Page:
As far as offense goes, through four at-bats at South Bend, Hoerner is batting .500, and this comes after he hit .318 with a home run and two RBI through seven games with the Eugene Emeralds, the Cubs Class A short-season affiliate.

Here is to hoping we continue to see big-time plays from Hoerner.

Jose Quintana can't wait to face Eloy Jimenez someday

Jose Quintana can't wait to face Eloy Jimenez someday

One year after arguably the biggest trade ever between the Cubs and White Sox, both sides are feeling pretty happy with their returns.

Jose Quintana has had a bit of a disappointing 2018 campaign overall, but he's been really solid lately, posting a 3.00 ERA and 1.27 WHIP since April 22 — a span of 14 starts.

He struggled in two starts against the Los Angeles Dodgers in the National League Championship Series last fall, but shut the Nationals down in two games (one start, one relief appearance) in the NLDS, allowing only 3 hits and a pair of walks in 6.1 innings.

All told, Quintana is 15-9 with a 3.86 ERA, 1.25 WHIP and 185 strikeouts in 182 innings a Cubs uniform.

Meanwhile, the White Sox boast one of the strongest farm systems in the game thanks to Eloy Jimenez and Dylan Cease, the main pieces from the Cubs for Quintana last summer.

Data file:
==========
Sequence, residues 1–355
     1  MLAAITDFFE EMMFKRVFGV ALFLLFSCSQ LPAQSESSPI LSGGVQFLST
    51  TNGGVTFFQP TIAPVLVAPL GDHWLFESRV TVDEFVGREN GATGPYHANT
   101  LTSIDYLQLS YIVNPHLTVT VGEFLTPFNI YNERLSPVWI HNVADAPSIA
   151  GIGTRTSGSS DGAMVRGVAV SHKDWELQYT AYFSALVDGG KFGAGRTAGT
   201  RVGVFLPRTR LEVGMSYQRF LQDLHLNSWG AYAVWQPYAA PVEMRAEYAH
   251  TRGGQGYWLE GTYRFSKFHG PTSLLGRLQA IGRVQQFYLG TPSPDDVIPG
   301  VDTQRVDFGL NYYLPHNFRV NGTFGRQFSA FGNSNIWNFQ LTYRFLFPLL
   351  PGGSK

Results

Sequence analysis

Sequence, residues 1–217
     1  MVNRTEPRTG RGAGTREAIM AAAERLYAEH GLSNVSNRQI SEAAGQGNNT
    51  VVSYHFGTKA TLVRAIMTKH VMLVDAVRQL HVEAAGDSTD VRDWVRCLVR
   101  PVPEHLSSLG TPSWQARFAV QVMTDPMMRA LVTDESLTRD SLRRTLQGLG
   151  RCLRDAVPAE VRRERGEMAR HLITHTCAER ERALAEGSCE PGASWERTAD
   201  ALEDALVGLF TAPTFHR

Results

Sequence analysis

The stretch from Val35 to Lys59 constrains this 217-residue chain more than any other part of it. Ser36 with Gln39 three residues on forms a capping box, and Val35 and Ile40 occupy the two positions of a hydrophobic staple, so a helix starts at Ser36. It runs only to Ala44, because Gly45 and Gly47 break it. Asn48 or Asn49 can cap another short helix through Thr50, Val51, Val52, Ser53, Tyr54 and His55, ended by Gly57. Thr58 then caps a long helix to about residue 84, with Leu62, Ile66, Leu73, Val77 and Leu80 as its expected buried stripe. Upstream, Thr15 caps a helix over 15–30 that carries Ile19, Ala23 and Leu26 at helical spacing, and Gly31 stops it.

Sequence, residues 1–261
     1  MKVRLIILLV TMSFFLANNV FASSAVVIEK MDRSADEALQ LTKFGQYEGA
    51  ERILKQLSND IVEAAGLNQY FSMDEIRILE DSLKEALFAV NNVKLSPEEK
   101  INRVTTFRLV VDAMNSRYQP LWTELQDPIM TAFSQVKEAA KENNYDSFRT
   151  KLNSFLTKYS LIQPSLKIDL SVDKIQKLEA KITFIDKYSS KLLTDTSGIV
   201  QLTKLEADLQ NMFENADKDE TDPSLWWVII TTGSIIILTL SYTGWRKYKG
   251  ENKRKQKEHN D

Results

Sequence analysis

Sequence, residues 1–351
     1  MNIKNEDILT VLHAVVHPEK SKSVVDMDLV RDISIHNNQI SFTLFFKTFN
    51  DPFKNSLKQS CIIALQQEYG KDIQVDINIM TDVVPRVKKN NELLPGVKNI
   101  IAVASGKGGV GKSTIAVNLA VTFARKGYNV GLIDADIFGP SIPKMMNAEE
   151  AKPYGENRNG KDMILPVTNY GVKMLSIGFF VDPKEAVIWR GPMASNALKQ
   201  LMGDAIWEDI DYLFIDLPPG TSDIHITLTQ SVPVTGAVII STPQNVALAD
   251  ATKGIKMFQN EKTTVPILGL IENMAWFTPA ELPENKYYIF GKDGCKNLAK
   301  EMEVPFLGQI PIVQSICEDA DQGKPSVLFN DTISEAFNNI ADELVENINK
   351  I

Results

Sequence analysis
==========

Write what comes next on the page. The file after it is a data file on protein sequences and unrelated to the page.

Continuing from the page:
Jimenez has a .313 average, .912 OPS, 12 homers and 46 RBI in 65 games this season between Double-A Birmingham and Triple-A Charlotte. The 21-year-old outfielder was ranked the No. 4 prospect in the game by Baseball America prior to the 2018 campaign.

Cease is a bit further away from Chicago, but the 22-year-old is also having a strong season. He's 10-2 with a 2.95 ERA, 1.14 WHIP and 10.7 K/9 in 16 starts this year, with his last 3 outings coming for Double-A Birmingham.

Some Cubs fans may be expecting an ace out of Quintana, but there's enormous value in a guy that's under team control through the 2020 season and due just over $30 million for the 3.5 seasons' worth of contributions.

Still, Quintana understands it was a hefty cost the Cubs paid for his services and he embraces the challenge.

"These guys are gonna be All-Stars,"  Quintana said in an interview with NBC Sports Chicago. "I've heard good things. I want to continue to do the best I can, but I know it was a huge trade. I know [the Cubs] paid a lot for me. That's a good feeling, you know? 

"It helps that [Jimenez and Cease] are doing good. I know they're younger, but it's amazing to be in that trade. I'm more happy right now to be here. Best of luck to them. 

"One time I'm going to face Jimenez, too, so I'm going to enjoy that."

We may not have to wait long to find out: The Cubs head to the South Side Sept. 21-23 for a 3-game set, when Jimenez could be getting his first taste of MLB life as a September call-up for the White Sox.